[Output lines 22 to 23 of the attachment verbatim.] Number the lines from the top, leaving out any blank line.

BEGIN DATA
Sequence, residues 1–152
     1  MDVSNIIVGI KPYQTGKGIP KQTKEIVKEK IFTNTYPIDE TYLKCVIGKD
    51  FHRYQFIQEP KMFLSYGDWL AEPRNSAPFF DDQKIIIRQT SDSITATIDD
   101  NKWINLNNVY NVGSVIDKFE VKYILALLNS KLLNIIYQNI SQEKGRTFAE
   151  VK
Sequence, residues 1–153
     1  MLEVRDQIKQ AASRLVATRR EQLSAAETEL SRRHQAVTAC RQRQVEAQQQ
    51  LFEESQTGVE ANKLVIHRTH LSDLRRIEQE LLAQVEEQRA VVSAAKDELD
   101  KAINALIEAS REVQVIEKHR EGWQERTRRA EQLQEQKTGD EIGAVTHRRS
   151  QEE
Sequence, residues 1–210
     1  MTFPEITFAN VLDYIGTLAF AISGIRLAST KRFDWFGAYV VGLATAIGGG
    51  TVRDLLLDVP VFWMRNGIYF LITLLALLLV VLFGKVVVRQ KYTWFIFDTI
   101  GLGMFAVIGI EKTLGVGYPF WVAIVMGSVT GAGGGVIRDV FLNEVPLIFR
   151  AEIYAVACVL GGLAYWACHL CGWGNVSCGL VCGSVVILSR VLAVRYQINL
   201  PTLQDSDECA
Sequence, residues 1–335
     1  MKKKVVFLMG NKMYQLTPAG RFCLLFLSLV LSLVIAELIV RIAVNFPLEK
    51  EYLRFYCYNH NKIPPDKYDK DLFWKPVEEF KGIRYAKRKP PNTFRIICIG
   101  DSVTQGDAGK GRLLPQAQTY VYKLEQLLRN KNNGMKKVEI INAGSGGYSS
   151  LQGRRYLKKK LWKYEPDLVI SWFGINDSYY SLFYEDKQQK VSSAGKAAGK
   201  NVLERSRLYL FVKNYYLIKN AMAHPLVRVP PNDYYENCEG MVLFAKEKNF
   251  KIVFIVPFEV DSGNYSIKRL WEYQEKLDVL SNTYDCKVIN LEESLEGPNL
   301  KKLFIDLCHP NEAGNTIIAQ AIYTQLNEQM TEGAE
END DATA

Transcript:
   201  NVLERSRLYL FVKNYYLIKN AMAHPLVRVP PNDYYENCEG MVLFAKEKNF
   251  KIVFIVPFEV DSGNYSIKRL WEYQEKLDVL SNTYDCKVIN LEESLEGPNL